There were some alarming results in a study which monitored the effects of losing an hour of sleep when the clocks go forward in the Spring (Daylight Saving Time, DST). Researchers found that the incidence of heart attacks reported by hospitals increased by 24% in the days following the time change. The opposite effect is seen when we gain one hour of sleep as the clocks go backwards in the Summer – the number of heart attacks reported decreases by 21%.

4. Immune function

Some of the most eye-catching statistics from Matthew Walker’s research were from his studies into the effect of sleep on our immune system. We have a number of cell types that all work together in order to fight off infection by recognising and killing foreign microorganisms like bacteria and viruses. Among the cells that are important in this, the natural killer cells (NK cells) are vital in the process eradicating threatening microbes. It was found that when sleep was reduced to 4 hours, even just for one night, there was a 75% reduction in NK cells in the blood of patients the next day. This indicates at least an association between our sleeping habits and how well we could fight off an infection, even a common cold, if exposed after a poor night of sleep.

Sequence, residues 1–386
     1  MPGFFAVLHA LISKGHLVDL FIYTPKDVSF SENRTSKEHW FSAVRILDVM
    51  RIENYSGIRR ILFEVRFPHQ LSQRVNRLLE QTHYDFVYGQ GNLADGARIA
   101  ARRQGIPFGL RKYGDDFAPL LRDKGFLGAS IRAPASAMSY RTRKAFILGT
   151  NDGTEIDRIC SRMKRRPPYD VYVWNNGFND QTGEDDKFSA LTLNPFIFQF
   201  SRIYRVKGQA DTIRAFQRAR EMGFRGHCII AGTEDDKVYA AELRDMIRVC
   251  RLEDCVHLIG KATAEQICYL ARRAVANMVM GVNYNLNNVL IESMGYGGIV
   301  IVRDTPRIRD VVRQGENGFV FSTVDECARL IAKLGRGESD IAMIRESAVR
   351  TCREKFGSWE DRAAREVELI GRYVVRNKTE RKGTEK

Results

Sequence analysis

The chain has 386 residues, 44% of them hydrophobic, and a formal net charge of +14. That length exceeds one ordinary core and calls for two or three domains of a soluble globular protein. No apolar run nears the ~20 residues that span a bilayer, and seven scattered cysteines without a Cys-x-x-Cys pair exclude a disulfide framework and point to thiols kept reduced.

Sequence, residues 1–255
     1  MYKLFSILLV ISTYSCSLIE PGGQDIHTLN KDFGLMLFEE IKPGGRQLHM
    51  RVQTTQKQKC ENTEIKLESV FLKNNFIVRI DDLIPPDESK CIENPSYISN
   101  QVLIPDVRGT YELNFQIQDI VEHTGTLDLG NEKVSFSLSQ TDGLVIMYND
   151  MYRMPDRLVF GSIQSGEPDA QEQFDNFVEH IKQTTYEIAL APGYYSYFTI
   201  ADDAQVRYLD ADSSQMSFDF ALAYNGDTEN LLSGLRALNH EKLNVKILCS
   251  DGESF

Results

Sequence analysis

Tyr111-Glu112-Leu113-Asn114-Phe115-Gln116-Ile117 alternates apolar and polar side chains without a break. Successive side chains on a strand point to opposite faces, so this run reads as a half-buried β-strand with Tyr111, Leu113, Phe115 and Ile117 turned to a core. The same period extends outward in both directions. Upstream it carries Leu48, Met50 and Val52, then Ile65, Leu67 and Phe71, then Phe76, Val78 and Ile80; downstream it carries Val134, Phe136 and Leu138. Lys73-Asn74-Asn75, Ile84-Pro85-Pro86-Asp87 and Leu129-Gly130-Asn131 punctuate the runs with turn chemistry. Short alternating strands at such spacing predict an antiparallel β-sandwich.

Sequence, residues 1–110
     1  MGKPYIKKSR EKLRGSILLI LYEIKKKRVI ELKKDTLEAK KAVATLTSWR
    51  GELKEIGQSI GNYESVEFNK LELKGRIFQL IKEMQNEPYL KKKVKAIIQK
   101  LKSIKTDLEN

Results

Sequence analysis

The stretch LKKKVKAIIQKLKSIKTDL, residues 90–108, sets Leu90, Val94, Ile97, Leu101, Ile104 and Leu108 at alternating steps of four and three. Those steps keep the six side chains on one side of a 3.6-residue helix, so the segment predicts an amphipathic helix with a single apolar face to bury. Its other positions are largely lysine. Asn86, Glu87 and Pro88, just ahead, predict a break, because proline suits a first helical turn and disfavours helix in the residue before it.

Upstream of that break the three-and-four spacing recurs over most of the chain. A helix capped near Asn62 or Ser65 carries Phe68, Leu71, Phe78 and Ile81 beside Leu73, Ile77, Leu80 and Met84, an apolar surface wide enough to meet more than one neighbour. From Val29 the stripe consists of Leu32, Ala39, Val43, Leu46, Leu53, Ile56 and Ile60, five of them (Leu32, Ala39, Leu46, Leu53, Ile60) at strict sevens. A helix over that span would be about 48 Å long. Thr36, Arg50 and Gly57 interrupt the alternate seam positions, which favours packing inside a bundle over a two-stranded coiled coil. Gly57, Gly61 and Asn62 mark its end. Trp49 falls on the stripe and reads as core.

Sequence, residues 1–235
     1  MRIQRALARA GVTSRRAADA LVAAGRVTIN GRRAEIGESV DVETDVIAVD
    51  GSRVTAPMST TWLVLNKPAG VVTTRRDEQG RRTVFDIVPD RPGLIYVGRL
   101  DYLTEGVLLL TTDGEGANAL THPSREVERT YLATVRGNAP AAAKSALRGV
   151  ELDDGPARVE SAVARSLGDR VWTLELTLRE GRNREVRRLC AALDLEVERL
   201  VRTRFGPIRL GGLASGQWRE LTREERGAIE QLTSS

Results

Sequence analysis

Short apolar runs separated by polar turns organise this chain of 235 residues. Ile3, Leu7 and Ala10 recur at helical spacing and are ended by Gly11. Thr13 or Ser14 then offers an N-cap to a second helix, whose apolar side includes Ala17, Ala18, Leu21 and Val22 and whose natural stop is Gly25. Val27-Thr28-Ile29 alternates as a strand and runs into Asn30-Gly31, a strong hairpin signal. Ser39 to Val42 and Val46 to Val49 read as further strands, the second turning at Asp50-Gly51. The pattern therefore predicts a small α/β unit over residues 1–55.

Don’t panic

Studies in to sleep do have alarming conclusions sometimes, but we cannot assume that sleep is the isolated causative variable contributing to the negative effects seen. As with almost all studies they must be taken as an indication, rather than a conclusive result. It also must be considered that some people may be genetically (or otherwise) predisposed to restless nights of sleep – we cannot assume that one person needs exactly the same number of hours to see out a healthy life.

That being said, it wouldn’t do any harm to try and pay more attention to the needs of our body and to allow ourselves to sleep as much as we really need to.

How to prioritise getting more/better quality sleep?

  • Reducing screen time at night
  • Reducing artificial lighting in the bedroom
  • Using apps like Headspace in order to practice mindfulness (and as a useful tool to get back to sleep if you wake up in the night)
  • Reading before bed to help to wind down
  • Going to sleep and waking up at a similar time every day

FYI… Matthew Walker received his PhD in Neurophysiology at Newcastle University in 1999.

This blog post was based on:

“Why We Sleep” – Matthew Walker

“Sleep is your superpower” – TED Talk by Matthew Walker

Sleep deprivation: Impact on cognitive performance –


Annie Derry

Expanding the Genetic Alphabet

by Annie Derry

Image source: Pixabay, URL: